Automatic features help to administer timesheets. Time tracking replaces paper timesheets, provides accurate numbers, and eliminates tedious, repetitive activities so employees don’t have to waste time on paperwork and meticulously counting numbers.

Timesheets in TimeCamp are created automatically based on hours tracked. You can edit them, add tags, categories, projects, tasks, and customize them as you need. You can easily switch between daily and weekly views or a more detailed calendar view. For recurring tasks, you can easily copy time entries from other days.

To avoid falsifying time records, managers can approve timesheets. Approvals block the editing option.

5) Accurate data and reports

TimeCamp gathers extensive data on employee productivity and work hours which you can easily access in dashboards in time reports. Real-time insights on your team’s performance, work progress, project status or budget ensure there’s no time theft.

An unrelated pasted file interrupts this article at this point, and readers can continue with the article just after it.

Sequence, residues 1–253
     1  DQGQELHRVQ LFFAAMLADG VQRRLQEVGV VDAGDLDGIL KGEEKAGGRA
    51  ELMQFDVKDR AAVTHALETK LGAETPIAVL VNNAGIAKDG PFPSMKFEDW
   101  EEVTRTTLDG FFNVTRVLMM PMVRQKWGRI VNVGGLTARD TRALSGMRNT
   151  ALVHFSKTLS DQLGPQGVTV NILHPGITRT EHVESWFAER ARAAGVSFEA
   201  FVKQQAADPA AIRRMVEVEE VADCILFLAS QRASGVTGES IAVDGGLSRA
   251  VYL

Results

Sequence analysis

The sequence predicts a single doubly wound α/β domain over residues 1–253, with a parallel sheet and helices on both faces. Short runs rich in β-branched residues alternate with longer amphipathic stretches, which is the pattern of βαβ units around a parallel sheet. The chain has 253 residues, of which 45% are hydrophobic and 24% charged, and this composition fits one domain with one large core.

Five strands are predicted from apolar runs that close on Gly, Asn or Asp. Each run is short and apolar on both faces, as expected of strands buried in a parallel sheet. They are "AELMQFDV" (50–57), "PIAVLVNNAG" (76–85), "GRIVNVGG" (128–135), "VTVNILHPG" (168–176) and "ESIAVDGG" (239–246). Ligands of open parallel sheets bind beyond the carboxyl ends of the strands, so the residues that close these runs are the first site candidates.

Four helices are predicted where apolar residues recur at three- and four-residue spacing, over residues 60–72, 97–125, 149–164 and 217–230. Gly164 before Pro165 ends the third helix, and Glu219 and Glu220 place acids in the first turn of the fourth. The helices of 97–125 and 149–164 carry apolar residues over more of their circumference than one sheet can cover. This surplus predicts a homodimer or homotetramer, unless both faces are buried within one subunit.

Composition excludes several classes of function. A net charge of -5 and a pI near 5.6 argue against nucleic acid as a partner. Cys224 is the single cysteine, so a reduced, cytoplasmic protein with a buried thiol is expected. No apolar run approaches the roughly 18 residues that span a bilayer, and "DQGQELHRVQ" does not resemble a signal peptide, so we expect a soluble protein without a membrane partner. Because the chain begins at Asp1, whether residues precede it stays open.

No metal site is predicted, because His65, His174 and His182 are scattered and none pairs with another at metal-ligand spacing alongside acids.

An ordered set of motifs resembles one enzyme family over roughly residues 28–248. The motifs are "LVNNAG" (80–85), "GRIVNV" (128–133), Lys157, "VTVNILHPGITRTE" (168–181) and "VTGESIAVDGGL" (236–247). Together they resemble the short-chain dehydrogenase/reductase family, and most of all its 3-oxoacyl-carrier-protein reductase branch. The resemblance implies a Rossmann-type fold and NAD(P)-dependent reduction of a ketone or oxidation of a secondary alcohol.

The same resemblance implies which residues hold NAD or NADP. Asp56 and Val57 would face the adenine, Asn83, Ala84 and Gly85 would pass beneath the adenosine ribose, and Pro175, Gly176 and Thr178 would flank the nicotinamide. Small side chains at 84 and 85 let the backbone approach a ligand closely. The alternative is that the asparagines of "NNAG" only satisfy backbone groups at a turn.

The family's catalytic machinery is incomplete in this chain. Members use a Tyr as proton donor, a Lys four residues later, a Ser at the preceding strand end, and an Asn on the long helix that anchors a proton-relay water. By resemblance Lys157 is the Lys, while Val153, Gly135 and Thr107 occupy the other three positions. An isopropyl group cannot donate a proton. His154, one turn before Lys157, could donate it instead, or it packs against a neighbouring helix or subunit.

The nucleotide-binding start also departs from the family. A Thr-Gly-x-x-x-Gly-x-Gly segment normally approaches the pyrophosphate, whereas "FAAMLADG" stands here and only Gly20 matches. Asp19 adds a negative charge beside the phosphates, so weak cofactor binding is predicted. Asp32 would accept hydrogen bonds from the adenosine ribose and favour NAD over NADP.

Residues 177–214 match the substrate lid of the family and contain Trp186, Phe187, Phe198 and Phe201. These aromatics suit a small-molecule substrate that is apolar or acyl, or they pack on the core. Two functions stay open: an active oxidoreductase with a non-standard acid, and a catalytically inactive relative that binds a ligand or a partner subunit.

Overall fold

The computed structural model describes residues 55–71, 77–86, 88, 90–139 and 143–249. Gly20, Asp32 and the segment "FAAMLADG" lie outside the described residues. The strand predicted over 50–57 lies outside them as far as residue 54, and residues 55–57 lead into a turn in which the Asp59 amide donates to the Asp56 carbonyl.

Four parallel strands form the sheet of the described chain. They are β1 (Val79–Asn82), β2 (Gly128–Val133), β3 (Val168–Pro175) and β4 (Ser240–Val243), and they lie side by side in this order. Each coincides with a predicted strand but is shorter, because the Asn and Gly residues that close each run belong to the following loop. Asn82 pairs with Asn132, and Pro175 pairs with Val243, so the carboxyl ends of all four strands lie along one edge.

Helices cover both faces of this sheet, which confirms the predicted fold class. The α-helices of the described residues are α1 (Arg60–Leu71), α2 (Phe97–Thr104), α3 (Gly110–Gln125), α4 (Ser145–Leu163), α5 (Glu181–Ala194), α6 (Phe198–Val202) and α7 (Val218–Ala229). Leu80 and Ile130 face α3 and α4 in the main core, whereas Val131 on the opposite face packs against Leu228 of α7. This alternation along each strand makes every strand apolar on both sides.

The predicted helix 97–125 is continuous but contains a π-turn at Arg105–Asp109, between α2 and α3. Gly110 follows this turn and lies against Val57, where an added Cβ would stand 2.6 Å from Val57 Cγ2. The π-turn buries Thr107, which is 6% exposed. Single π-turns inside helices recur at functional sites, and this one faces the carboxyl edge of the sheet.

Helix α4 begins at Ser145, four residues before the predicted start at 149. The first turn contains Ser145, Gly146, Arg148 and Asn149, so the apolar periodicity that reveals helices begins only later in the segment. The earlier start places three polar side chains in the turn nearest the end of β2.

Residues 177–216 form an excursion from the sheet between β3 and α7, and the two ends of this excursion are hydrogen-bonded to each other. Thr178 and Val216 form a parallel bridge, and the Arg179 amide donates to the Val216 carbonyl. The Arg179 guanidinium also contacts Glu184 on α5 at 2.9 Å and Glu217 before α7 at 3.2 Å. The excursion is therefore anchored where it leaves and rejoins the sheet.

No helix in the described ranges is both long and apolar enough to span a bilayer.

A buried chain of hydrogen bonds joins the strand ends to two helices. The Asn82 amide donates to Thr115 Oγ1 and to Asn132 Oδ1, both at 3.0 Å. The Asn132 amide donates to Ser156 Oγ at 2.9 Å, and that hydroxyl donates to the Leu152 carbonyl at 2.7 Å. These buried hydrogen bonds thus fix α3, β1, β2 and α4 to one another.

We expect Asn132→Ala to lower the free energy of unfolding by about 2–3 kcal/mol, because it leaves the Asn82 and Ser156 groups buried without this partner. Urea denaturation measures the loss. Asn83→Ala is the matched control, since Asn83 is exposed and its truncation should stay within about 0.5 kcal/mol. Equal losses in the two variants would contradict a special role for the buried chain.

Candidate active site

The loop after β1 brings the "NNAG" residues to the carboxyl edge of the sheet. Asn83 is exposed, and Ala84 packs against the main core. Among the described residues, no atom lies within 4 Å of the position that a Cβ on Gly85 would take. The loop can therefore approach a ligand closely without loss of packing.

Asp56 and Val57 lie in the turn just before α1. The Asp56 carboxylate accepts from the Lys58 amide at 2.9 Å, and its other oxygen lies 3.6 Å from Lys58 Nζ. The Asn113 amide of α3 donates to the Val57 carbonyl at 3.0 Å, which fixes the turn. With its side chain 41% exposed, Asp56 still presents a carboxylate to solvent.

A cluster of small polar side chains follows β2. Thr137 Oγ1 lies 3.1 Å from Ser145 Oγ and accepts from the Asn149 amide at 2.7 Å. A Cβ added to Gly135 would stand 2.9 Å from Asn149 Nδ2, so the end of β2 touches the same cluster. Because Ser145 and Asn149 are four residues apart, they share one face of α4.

You can choose from a variety of built-in report types, which provide valuable insights and help make data-driven decisions.

And custom reports give you freedom to create a personalized breakdown of hours tracked. You can export reports (for example, as a proof of work) to clients, stakeholders, and other team members.

6) Budgeting and billable hours tracking

Accurately tracking billable time is crucial for delivering projects on time and budget. In TimeCamp, you can set different rates for people or projects, and track your project profitability, client billability, and overall business performance. You can estimate costs, time budget, and get notified whenever the estimations are exceeded.

Additionally, TimeCamp offers an invoicing system that lets you generate a ready-to-send invoice with all the client’s, project, and financial data.

7) Attendance monitoring

With TimeCamp, you can easily spot employee behavior that contributes to time theft, such as longer breaks, increased absenteeism, idle time, prolonged private time, or unjustified overtime.